- Vehicle speed is the greatest predictor of the extent of the driver's injury, followed by the type of crash, the age of the victim, use of a seatbelt, the mass of the vehicle, and sex of the driver.
- Pedestrians jaywalking, or crossing mid-block, is the leading accident cause of pedestrian accidents. These accidents are 39 percent of the deaths in Maryland suburbs, 21 percent of the time in the District and 18 percent of the time in Northern Virginia.
- 8% of Maryland jury awards in motor vehicle suits are for more than $250,000.
- In 2007, teenage drivers in Maryland were involved in 98 fatal crashes, 7,357 crashes with injuries and nearly 11,538 other reported crashes, according to the Maryland Highway Safety Office.
- Nationally, in 2014, 2,270 teens ages 16–19 were killed, and 221,313 were treated in emergency departments for motor vehicle injuries. If you do the math, six teens between 66–19 die every day from motor vehicle accidents. Each one is an epic tragedy.
- In 2009, 10,591 lives were lost due to speed-related collisions. Speed-related crashes cost Americans $40.4 billion each year.
- Most highway crashes are minor bumps in our lives that only involve the headache of property damage. Approximately 65% of crashes in Maryland cause no injuries.
- The National Highway Traffic Safety Administration found that in 2006, 651 people were killed in motor vehicle accidents in Maryland, up six percent from 2005. Sixty percent of motor vehicle injuries and 44% of fatalities occurred between the workday hours of 5 a.m. - 7 p.m.
- In Maryland, 560 people were killed in traffic wrecks from January to October 2008, compared with 615 people who died during the same period of 2007. In Anne Arundel County, police reported 8,850 car accidents in 2007, but about half as many - 4,463 - in 2008. Police also reported 48 people were killed in Anne Arundel County car, truck, and motorcycle accidents in 2007 and 45 fatal deaths in 2008.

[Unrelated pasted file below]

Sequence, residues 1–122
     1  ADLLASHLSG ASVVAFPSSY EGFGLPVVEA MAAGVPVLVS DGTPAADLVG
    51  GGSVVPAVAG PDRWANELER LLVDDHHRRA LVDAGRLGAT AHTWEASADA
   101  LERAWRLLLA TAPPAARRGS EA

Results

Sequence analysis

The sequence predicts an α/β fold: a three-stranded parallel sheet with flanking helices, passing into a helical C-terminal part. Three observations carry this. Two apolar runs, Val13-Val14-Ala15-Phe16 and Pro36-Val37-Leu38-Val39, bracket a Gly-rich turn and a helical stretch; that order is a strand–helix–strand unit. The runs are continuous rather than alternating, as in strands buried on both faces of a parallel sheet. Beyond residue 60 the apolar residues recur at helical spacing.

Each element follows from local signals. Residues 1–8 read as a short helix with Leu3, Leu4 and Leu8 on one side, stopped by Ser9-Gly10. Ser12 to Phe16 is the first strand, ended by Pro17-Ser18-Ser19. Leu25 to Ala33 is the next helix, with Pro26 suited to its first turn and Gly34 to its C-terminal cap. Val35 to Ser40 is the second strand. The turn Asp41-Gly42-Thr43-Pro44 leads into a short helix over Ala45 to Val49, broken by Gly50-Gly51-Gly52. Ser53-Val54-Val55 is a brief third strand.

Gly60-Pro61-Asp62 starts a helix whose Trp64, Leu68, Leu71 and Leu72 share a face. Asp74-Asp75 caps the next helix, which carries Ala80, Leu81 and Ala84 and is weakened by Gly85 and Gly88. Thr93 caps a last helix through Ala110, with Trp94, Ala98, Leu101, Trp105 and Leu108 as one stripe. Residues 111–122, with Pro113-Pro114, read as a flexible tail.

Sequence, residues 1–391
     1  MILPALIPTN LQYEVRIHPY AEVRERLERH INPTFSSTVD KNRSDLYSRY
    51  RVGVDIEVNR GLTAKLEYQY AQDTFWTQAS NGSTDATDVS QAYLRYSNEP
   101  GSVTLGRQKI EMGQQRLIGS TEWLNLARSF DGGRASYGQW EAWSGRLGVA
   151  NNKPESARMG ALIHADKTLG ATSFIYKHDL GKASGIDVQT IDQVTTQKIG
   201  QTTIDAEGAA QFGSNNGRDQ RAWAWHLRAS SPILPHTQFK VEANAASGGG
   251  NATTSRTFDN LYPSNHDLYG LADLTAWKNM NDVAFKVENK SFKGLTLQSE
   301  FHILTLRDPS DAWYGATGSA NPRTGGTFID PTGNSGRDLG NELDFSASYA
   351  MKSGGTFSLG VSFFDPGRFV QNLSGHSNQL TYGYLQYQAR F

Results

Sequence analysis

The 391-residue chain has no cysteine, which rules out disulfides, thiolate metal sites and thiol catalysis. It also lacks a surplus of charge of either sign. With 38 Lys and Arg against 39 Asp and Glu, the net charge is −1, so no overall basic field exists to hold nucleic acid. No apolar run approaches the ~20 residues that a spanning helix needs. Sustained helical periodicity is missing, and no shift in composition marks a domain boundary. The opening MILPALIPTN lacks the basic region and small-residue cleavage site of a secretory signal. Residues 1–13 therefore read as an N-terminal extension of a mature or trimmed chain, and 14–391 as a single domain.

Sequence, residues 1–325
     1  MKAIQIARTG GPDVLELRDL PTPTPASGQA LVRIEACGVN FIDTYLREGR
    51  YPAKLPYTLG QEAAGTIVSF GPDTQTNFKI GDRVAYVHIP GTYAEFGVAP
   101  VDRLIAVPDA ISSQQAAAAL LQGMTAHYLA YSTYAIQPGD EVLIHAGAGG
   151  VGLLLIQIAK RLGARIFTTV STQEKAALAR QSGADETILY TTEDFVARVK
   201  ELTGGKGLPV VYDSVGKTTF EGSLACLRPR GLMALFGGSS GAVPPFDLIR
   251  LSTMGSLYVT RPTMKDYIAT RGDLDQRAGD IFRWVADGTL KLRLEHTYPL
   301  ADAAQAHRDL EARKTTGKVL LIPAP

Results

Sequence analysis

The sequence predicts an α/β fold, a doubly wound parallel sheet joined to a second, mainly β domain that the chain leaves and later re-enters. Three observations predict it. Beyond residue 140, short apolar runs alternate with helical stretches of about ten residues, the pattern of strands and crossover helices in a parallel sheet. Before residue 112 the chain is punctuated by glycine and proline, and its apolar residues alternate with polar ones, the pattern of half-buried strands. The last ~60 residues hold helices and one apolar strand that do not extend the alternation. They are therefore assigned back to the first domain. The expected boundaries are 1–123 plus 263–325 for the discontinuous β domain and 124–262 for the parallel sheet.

- Maryland traffic fatalities statistics by year:
- 1968: 872 (the year before our first medevac helicopters to take the injured to Shock Trauma at UMMS in Baltimore)
- 1990: 707
- 2000: 588
- 2004: 643
- 2005: 614
- 2006: 652
- 2007: 614
- 2008: 591
- 2009: 547 (30% alcohol related)
- 2010: 496
- 2011: 485
- 2012: 476
- 2013: 466
- 2014: 442
- 2015: 520
- 2016: Numbers are not back yet but it does not look good
Experienced counsel can help you to get the compensation you deserve for your injuries. Our firm has the experience and the resources to did through these complicated issues and stand up to the insurance companies to fight for equitable compensation.
If you or someone you know has been injured in a motor vehicle collision, select here for a free consultation or call 1-800-553-8082 to speak with an attorney who can help you figure out what the best path is for you.Dealing with the Insurance Company
- How Long Should It Take to Settle My Case? (information on how long your personal injury accident claim - as opposed to property damage claim - will take for settlement)
- Guide to Handling These Claims (information on everything you want to know about car accident)
- Sample Demand Letter (example of an accident demand letter for money damages to the insurance company)
- Settling Your Case Without Ever Hiring a Lawyer: tips and strategies for dealing with insurance companies in vehicle crash cases
- Putting a Dollar Amount on an Injury Case (article on how to value the pain and suffering component of personal injury claims)